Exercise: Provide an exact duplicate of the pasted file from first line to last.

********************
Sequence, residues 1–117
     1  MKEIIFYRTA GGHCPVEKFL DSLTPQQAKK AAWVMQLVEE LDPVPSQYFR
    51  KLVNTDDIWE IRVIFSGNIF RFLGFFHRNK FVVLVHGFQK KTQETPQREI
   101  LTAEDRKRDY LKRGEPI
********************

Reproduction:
Sequence, residues 1–117
     1  MKEIIFYRTA GGHCPVEKFL DSLTPQQAKK AAWVMQLVEE LDPVPSQYFR
    51  KLVNTDDIWE IRVIFSGNIF RFLGFFHRNK FVVLVHGFQK KTQETPQREI
   101  LTAEDRKRDY LKRGEPI